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Publication numberUS20030134122 A1
Publication typeApplication
Application numberUS 10/047,782
Publication dateJul 17, 2003
Filing dateJan 14, 2002
Priority dateJan 14, 2002
Also published asWO2003059532A1
Publication number047782, 10047782, US 2003/0134122 A1, US 2003/134122 A1, US 20030134122 A1, US 20030134122A1, US 2003134122 A1, US 2003134122A1, US-A1-20030134122, US-A1-2003134122, US2003/0134122A1, US2003/134122A1, US20030134122 A1, US20030134122A1, US2003134122 A1, US2003134122A1
InventorsPaul Wickboldt, Dan Toet, Wonsuk Chung
Original AssigneePaul Wickboldt, Dan Toet, Wonsuk Chung
Export CitationBiBTeX, EndNote, RefMan
External Links: USPTO, USPTO Assignment, Espacenet
High conductivity transparent conductor formed using pulsed energy process
US 20030134122 A1
Abstract
A method of creating a highly conductive transparent layer on a substrate without subjecting the substrate to high temperatures is disclosed. Pulsed laser energy of a wavelength and energy fluence within a selected range is used to crystallize a selected amorphous material using a low number of pulses (optimally as few as one) to form highly electrically conductive thin films that are optically transparent at visible wavelengths. This method does not subject the substrate to sustained higher temperatures and accordingly is particularly suitable for making transparent conductive thin film structures on substrates such as plastic that do not tolerate sustained higher processing temperatures. The disclosed method may also be useful in manufacturing processes in which the substrate is composed of a material (such as glass, for example) that is itself heat tolerant, but in which at the time of creation of the conductive layer is a part of a structure containing a material that does not withstand high temperatures, such as a low temperature plastic or other polymer. A thermal barrier comprised of an oxide, nitride or polymer material may be deposited on the substrate before the precursor material to help insulate the substrate from the thermal effects of the energy directed at the precursor material.
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Claims(18)
What is claimed is:
1. A method for forming a highly conductive, substantially transparent film on a substrate, comprising:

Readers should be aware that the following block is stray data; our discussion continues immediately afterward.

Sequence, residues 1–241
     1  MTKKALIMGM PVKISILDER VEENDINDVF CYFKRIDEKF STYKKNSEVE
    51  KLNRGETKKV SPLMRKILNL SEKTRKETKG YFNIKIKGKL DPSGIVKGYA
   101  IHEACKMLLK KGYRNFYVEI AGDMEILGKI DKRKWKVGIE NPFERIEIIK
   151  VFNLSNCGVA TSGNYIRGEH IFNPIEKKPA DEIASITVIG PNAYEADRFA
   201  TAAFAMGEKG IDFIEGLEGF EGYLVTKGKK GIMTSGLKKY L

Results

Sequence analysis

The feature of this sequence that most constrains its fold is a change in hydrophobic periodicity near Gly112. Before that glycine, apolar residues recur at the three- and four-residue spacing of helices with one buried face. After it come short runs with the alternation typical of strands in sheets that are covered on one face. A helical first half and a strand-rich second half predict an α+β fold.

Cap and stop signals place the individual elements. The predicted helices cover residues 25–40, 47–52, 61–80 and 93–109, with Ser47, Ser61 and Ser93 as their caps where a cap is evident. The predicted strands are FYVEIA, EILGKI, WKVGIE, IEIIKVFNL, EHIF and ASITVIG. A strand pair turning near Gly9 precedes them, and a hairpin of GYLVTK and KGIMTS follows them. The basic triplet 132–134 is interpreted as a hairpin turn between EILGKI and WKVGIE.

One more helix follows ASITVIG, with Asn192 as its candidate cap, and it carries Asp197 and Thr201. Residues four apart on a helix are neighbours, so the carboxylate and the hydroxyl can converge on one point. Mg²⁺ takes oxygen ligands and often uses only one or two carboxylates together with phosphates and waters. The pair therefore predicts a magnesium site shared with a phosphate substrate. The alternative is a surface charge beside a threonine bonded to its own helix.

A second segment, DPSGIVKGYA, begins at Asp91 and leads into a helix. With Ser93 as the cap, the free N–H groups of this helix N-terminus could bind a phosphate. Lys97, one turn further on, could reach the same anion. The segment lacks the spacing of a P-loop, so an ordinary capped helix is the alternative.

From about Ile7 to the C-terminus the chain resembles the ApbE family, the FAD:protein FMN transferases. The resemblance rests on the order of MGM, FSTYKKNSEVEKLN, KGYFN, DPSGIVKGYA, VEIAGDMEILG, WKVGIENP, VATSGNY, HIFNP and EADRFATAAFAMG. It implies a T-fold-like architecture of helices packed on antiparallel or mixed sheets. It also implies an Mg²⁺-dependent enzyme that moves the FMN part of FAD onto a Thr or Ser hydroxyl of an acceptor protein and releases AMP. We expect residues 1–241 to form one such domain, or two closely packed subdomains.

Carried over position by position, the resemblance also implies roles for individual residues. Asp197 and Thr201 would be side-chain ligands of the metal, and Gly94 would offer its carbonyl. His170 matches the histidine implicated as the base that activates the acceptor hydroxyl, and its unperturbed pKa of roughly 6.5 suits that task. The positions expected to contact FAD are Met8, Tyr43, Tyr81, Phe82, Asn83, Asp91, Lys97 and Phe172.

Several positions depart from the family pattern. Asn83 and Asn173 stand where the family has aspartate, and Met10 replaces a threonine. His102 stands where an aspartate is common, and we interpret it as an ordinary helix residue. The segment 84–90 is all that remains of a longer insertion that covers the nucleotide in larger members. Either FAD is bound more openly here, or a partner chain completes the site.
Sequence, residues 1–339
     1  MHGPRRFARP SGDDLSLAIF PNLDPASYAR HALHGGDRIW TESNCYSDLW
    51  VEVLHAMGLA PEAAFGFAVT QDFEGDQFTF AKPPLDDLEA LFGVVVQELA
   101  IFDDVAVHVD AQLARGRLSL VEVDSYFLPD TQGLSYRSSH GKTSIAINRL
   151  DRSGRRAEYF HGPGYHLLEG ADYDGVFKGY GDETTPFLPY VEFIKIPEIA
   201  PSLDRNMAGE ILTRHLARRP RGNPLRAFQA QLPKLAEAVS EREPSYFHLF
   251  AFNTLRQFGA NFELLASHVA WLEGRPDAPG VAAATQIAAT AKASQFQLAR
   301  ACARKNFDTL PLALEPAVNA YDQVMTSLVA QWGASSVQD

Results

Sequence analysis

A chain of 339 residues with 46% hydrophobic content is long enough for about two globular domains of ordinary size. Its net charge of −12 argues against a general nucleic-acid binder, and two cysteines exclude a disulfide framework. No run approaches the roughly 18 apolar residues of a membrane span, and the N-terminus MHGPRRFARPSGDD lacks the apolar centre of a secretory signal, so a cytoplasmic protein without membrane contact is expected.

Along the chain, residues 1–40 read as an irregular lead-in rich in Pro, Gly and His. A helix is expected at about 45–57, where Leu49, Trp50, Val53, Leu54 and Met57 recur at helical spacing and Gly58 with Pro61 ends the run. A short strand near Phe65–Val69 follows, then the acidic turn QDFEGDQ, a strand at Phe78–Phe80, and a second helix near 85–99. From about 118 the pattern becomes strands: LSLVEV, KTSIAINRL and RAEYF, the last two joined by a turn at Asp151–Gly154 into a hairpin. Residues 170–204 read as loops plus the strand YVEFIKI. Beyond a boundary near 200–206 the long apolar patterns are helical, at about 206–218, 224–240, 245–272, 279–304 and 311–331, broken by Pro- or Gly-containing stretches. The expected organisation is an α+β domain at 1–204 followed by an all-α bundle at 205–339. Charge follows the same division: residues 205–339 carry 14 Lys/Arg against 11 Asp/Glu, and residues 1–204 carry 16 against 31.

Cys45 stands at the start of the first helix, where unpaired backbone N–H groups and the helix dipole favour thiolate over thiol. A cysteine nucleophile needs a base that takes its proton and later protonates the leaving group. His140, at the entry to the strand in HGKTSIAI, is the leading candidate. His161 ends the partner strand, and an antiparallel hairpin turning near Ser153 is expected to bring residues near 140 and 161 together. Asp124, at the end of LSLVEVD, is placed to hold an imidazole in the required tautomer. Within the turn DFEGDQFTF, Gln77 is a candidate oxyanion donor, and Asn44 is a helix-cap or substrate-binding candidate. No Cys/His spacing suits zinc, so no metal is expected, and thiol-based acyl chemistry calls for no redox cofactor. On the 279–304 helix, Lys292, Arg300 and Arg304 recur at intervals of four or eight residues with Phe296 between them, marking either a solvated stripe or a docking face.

providing a substrate;
depositing on the substrate, at a temperature of 120 C. or less, a layer of amorphous and/or polycrystalline conductive material which is substantially optically transparent to visible wavelengths in its crystalline state; and
directing pulsed energy onto the layer of conductive material to crystallize it and form the highly conductive, substantially optically transparent film.
2. The method of claim 1, wherein the step of providing a substrate further comprises providing a substrate composed of a material selected from the group consisting of PET, PEN, PC, PAR, PEL, PES, PI, Teflon PFA, PEEK, PEK, PETFE and PMMA.
3. The method of claim 1, wherein the step of providing a substrate further comprises providing a substrate coated with an optically transparent thermal insulating layer.
4. The method of claim 3, wherein the thermal insulating layer further comprises an oxide, a nitride and/or a polymer.
5. The method of claim 1, wherein the layer of conductive, transparent material is selected from the group containing Indium Tin Oxide, Zinc Stannate, Cadmium Stannate, Zinc Indium Oxide, Magnesium Indium Oxide and Gallium Indium Oxide.
6. The method of claim 1, wherein the step of depositing the conductive material on a surface of the substrate further comprises depositing the conductive material by sputtering, reactive sputtering, evaporation, reactive evaporation, chemical vapor deposition or plasma enhanced chemical vapor deposition.
7. The method of claim 1, wherein the step of directing pulsed energy onto the layer of conductive material further comprises the steps of:
generating an energy pulse from a laser, an electron beam source or an ion beam source; and
directing the energy pulse onto the layer of conductive material.
8. The method of claim 7, wherein the step of generating an energy pulse further comprises generating an energy pulse from an excimer laser or a YAG laser.
9. The method of claim 7 wherein the step of directing an energy pulse further comprises directing an energy pulse having a wavelength of between 200 and 400 nm onto the layer of conductive material.
10. The method of claim 9, wherein the step of generating an energy pulse further comprises generating an energy pulse from an excimer laser.